Once the team has ensured that the specimens are safe, each must be classified and recorded with accompanying collection information to have scientific value.

“I actually really enjoy cataloging and I feel like it’s one of the most useful things we do,” Stephens said. “It’s getting things out there, and it’s really having an impact – people are going to be using these records for years to come.”

The Smokies collection in particular has an impressive number of insect species and includes biological records of life with farms collected before the park was established.

Cecelia Stephens poses next to a “wet” collection cabinet at the Twin Creeks Science and Education Center.  Specimens of fish and snakes are often stored in wet collections fully submerged in a mixture of alcohol and water which protects them from rotting.

“Each specimen is a unique example of that species at a specific time and place in the park,” Zwingelberg said.

Above all, it is essential to systematically associate these physical records with the corresponding study information.

“You assign an accession number, based on the collector and the permit, and those go on the tag and the sheet with the plant specimen and into the database,” said Bitner, who volunteered to do the tedious work for over a decade. “The standard is to be able to enter the collection and find the plant in five minutes or less. You can access the directory directly and the genres are listed alphabetically by folder.

Maintaining this organizational system is especially important given the number of other researchers who depend on the Twin Creeks Collections team.

“We bring in researchers and graduate students from local colleges who are researching a particular group who want to see our specimens, or sometimes they collect and add to the collection,” Zwingelberg said.

The Great Smoky Mountains are home to 39 species of reptiles, including snakes, turtles, and lizards.

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A recent goal has been to complete the digitization of herbarium records in coordination with the University of Tennessee, Chattanooga. After years of work by staff and volunteers, records of every plant specimen are now available on the Southeast Regional Expertise and Collections Network, a wealth of digital information for researchers interested in the biodiversity of the South East.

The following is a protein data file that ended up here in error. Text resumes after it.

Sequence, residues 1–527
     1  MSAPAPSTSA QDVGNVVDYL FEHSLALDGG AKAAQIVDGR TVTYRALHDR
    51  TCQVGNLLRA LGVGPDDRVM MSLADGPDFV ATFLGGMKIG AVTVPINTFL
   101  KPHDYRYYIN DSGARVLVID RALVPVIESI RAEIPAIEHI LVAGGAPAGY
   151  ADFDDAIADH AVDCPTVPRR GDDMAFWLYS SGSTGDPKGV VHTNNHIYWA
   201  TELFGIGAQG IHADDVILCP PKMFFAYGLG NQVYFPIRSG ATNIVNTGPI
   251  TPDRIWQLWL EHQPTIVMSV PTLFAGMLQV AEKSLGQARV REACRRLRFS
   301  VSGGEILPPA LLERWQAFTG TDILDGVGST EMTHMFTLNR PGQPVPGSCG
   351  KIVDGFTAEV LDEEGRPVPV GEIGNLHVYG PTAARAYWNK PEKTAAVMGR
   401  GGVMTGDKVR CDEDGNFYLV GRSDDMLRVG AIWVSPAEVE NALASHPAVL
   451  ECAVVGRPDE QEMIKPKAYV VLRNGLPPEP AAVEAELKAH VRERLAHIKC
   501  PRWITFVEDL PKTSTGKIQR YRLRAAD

Researchers around the world can use these digitized collections in their work studying the impacts of climate change, pesticides, and air quality on species distribution and genetics. And for those who come to the center in person, the plants and animals in the collection provide a vital link to the region’s unique natural history.

For collection keepers like Zwingelberg and Stephens, details as fine as the scales of a rattlesnake don’t just tell us something about life in the Smokies’ distant past. They also keep the promise to preserve these species in the future.

Aaron Searcy

This story is an edited excerpt from a much longer article by Frances Figart, Aaron Searcy and Elise Anderson that appeared in the Spring 2021 issue of “Smokies Life” magazine. Aaron Searcy is a publishing associate with the 29,000-member Great Smoky Mountains Association, a nonprofit educational partner of Great Smoky Mountains National Park. Learn more about and contact the author at